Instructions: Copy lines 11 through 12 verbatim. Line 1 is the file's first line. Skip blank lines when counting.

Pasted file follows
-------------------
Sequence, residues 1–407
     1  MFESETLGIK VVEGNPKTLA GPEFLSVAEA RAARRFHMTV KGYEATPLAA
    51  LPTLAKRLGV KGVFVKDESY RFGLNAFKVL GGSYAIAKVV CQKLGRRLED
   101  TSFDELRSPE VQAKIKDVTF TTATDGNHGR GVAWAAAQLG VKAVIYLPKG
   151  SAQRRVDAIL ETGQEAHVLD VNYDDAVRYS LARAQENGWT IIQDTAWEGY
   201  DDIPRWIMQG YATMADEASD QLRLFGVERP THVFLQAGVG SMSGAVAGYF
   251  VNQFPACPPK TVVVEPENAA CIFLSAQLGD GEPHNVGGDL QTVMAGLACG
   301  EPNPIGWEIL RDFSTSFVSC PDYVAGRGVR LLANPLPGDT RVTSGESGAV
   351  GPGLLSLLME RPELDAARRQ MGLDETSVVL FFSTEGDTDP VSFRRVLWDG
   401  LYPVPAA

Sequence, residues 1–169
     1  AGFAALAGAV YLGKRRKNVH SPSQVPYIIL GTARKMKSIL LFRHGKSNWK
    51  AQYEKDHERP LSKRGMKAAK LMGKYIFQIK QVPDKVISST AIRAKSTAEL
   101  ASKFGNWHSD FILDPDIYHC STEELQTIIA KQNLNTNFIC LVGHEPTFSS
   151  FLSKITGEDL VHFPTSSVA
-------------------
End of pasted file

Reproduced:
Sequence, residues 1–169
     1  AGFAALAGAV YLGKRRKNVH SPSQVPYIIL GTARKMKSIL LFRHGKSNWK